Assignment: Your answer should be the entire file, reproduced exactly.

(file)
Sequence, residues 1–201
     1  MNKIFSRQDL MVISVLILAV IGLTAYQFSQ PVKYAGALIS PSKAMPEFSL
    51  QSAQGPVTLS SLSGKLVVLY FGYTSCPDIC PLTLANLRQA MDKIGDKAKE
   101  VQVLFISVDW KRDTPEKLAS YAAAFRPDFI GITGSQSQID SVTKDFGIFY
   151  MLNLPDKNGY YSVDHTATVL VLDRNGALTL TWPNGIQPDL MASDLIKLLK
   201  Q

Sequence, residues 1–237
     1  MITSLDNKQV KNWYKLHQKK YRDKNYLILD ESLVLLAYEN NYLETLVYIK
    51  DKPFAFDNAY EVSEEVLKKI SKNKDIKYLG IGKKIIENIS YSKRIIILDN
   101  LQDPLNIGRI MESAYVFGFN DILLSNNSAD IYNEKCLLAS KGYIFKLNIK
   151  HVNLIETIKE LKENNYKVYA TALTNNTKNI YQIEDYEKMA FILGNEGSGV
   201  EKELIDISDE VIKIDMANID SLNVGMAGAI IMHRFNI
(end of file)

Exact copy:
Sequence, residues 1–201
     1  MNKIFSRQDL MVISVLILAV IGLTAYQFSQ PVKYAGALIS PSKAMPEFSL
    51  QSAQGPVTLS SLSGKLVVLY FGYTSCPDIC PLTLANLRQA MDKIGDKAKE
   101  VQVLFISVDW KRDTPEKLAS YAAAFRPDFI GITGSQSQID SVTKDFGIFY
   151  MLNLPDKNGY YSVDHTATVL VLDRNGALTL TWPNGIQPDL MASDLIKLLK
   201  Q

Sequence, residues 1–237
     1  MITSLDNKQV KNWYKLHQKK YRDKNYLILD ESLVLLAYEN NYLETLVYIK
    51  DKPFAFDNAY EVSEEVLKKI SKNKDIKYLG IGKKIIENIS YSKRIIILDN
   101  LQDPLNIGRI MESAYVFGFN DILLSNNSAD IYNEKCLLAS KGYIFKLNIK
   151  HVNLIETIKE LKENNYKVYA TALTNNTKNI YQIEDYEKMA FILGNEGSGV
   201  EKELIDISDE VIKIDMANID SLNVGMAGAI IMHRFNI